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Fresh questions emerge over Gen Mujuru's death

by Staff reporter
16 Aug 2016 at 14:30hrs | Views

A panicked Zanu-PF has gone into overdrive in its desperate bid to scupper the pending 2018 electoral deal between opposition leader Morgan Tsvangirai and former Vice President Joice Mujuru, while throwing up all kinds of political conspiracies about the revered liberation struggle icon, the late General Solomon Mujuru.

But the savage propaganda blitzkrieg - particularly the assault on the political legacy of the immensely popular Mujuru in lapdog State media yesterday - appeared to backfire spectacularly with analysts, liberation struggle stalwarts, disaffected Zanu-PF bigwigs and opposition parties saying this raised questions about the late general's contested death.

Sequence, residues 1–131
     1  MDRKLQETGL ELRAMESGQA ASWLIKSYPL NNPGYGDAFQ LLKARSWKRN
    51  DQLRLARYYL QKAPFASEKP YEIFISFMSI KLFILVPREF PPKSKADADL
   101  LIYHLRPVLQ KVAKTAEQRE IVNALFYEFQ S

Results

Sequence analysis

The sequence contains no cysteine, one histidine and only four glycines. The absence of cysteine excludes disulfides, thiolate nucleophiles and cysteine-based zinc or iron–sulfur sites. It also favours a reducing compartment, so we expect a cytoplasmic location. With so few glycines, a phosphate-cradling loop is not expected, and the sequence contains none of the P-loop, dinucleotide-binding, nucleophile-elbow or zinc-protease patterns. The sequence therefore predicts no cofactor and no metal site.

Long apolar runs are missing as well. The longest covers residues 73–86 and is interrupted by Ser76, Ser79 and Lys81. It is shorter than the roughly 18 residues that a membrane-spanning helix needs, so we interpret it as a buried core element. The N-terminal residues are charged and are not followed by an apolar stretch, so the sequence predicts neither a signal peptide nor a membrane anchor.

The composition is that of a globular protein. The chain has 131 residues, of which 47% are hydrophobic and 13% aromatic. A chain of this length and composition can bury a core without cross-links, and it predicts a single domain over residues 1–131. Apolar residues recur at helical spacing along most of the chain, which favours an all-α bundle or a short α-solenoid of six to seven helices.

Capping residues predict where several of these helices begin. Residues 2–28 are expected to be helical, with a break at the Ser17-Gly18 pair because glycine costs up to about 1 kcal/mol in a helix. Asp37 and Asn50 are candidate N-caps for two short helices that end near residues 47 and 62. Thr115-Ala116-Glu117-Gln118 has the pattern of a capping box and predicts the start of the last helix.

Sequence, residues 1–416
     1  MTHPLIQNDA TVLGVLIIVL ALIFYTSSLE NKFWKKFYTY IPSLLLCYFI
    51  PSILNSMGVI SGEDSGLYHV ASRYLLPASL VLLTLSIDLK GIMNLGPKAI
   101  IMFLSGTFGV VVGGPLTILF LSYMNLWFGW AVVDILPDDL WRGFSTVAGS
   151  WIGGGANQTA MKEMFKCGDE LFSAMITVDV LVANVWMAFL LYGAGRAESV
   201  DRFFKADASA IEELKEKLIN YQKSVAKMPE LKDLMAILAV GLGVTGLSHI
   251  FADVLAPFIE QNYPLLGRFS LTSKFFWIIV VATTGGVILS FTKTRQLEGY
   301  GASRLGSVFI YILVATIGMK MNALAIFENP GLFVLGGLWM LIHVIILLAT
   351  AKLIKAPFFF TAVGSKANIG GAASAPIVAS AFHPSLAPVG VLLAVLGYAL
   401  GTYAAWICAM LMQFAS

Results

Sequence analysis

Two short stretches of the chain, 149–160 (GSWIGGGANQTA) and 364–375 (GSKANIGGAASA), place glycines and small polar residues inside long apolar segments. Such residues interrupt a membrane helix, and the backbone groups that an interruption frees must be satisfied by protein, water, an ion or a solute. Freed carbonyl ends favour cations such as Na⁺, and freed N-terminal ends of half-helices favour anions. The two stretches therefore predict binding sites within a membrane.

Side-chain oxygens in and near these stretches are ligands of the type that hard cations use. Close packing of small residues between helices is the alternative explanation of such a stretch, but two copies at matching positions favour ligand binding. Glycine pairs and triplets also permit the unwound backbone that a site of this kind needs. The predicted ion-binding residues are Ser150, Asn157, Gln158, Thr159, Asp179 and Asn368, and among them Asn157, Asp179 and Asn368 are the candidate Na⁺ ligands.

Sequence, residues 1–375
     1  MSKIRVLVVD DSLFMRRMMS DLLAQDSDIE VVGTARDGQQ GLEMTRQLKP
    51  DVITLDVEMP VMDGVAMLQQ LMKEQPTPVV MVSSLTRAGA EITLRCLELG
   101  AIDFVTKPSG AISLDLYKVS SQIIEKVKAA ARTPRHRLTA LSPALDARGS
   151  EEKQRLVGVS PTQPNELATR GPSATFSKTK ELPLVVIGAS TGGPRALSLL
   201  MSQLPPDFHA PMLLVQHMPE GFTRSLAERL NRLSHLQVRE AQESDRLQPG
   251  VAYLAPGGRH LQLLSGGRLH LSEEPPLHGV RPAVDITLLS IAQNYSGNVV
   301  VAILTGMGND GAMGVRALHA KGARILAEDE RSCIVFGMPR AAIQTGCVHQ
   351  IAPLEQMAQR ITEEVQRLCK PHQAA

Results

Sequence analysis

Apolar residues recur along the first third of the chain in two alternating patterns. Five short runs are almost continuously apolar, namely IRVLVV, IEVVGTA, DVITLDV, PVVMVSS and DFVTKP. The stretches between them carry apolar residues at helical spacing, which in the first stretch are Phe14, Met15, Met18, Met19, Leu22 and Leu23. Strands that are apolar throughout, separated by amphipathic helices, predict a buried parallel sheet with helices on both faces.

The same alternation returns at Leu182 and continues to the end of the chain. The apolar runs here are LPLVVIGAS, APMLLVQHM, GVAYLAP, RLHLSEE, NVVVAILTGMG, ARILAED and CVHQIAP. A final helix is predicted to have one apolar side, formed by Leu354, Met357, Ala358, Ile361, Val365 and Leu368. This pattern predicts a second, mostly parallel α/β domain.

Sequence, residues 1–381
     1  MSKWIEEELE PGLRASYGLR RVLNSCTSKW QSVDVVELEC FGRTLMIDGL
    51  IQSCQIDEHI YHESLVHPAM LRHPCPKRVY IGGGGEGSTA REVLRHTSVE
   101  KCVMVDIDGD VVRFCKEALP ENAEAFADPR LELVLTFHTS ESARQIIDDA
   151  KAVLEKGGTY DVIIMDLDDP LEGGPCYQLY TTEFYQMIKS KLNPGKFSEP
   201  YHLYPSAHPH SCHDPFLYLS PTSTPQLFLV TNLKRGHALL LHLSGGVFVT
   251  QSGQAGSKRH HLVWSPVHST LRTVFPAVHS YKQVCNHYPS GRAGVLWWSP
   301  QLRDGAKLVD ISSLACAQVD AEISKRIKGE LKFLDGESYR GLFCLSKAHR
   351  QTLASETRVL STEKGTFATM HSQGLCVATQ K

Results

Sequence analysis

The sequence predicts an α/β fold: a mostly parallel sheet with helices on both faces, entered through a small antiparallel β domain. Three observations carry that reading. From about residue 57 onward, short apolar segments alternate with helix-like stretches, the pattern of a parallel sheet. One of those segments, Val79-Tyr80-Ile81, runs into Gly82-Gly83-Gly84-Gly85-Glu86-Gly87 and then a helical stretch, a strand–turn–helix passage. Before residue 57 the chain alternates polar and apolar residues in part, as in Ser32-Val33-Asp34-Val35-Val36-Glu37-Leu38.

Former Mugabe confidante and senior Cabinet minister, Didymus Mutasa told the Daily News that the attacks on the late husband of Mujuru strongly suggested that there was "more to Solomon's death than the official version indicated".

"I think the current government's officials who are responsible for security should tell us what really happened to Solomon. Officials such as those in the Central Intelligence Organisation should tell us everything because it is only fair for everyone if they do that," Mutasa said.